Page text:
In the meantime, CARE’s very public judgment clouds the horizon for otherwise improving DPRK relationships with other donors. Time matters here. The International Fund for Agricultural Development (IFAD) is now preparing a proposal for a possible third loan to North Korea. IFAD management must sign off on a preliminary proposal before mid-May if a new project is to be approved this year. Another UNDP-sponsored Geneva Round Table Meeting is in the offing, scheduled tentatively for mid-June. Preparatory DPRK and UN Development Program (UNDP) meetings with potential Round Table donors will be affected negatively by CARE’s statement. The future plans of European NGOs as well as their American counterparts also will be strongly influenced by what CARE has done. Finally, the CARE announcement was made at almost the precise moment when prospects for reconciliation on the peninsula–and the rehabilitation of the North Korean economy–appear better than they have in half a century. The responsible international community should be seeking ways to support this process.
No one would deny that the U.S. PVOC has faced complex and sometimes unpleasant and thankless tasks in its efforts to complement larger World Food Program (WFP) and bilateral food assistance programs. The issue of the adequacy of monitoring and evaluation arrangements for PVOC and other DPRK food aid programs was the topic of a US General Accounting Office (GAO) study last summer. Another GAO paper on the same general theme should be ready by mid-June of this year. That report almost certainly will recommend increased “access, transparency, and accountability” for U.S.-financed food assistance programs.
But the issue here is not the management of traditional food aid programs. CARE stated that it was withdrawing from the PVOC and from North Korea because conditions were not right for its involvement in agricultural rehabilitation efforts.
As its website announcement noted, CARE has been a “lead member” of the PVOC since 1996. Since mid-April 1999, CARE provided both the in-country “Team Leader” and U.S.-based coordination for a program that included, as part of a larger “humanitarian” food aid effort, the “potato project,” the first ever U.S. -assisted agricultural rehabilitation project in North Korea. The increased official U.S. food assistance that was provided under the overall project was tied quite openly to DPRK agreements to allow inspections of suspected nuclear facilities. However, the potato project was funded primarily with the resources of CARE and the other PVOs responsible for monitoring the increased official food aid. It therefore represented an imaginative and promising attempt to demonstrate U.S. interest in the rehabilitation of North Korean agriculture, despite the continuing legal barriers to official bilateral aid.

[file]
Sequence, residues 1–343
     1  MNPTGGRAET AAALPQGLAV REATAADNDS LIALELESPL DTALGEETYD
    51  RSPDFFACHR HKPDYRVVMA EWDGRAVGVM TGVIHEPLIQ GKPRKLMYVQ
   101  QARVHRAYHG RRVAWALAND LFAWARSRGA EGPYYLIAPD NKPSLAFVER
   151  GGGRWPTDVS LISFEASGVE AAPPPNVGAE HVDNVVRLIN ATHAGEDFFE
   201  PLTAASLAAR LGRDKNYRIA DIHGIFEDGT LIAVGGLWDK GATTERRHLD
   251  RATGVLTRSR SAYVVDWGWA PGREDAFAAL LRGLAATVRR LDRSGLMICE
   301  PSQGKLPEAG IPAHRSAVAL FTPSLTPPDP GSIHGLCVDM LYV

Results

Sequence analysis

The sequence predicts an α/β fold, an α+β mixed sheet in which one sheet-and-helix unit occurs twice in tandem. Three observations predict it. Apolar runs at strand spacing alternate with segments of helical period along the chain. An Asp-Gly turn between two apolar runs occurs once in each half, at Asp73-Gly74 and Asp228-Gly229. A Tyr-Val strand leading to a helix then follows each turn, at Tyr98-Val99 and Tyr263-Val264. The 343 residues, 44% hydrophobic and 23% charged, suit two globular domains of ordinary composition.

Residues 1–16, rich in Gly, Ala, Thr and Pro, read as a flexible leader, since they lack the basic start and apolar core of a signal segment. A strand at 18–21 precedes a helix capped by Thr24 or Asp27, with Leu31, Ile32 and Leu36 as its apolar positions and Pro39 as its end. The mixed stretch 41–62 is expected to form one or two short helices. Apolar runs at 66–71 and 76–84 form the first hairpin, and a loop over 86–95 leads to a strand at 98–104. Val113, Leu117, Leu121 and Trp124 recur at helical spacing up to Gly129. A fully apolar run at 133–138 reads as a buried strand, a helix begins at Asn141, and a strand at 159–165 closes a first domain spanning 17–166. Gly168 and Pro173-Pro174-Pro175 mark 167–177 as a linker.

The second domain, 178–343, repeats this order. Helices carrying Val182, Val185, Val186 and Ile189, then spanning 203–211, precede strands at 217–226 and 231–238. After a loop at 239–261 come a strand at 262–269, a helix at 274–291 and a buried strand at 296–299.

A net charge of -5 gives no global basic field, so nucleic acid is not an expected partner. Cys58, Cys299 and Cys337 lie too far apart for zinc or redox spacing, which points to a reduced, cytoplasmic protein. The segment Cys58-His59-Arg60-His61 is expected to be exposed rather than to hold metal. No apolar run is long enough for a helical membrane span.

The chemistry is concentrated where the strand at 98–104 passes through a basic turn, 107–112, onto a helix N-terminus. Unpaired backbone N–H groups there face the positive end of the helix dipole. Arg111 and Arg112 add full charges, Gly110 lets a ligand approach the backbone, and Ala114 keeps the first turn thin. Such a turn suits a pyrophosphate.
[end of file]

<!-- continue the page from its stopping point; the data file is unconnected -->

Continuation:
The agreement for the project was not signed until mid-April, leaving barely a fortnight until the traditional deadline for planting potatoes in most areas of North Korea. Nevertheless, the Carter Center (a member of the PVOC) and the Chinese affiliate of the International Potato Center (a CGIAR institution) were able to buy and ship seed potatoes and other supplies in time for planting. By early June, with PVOC seed potatoes safely in the ground, the North Korean government had agreed to allow unprecedented access, transparency, and accountability for project activities. It was the PVOC, not the Government, and not the cooperatives, that did not use the agreed farm visit, monitoring and evaluation, and on-farm record keeping arrangements for the potato project. And it was the PVOC that did not follow through with its commitments to cooperative farms for a second year of potato project assistance.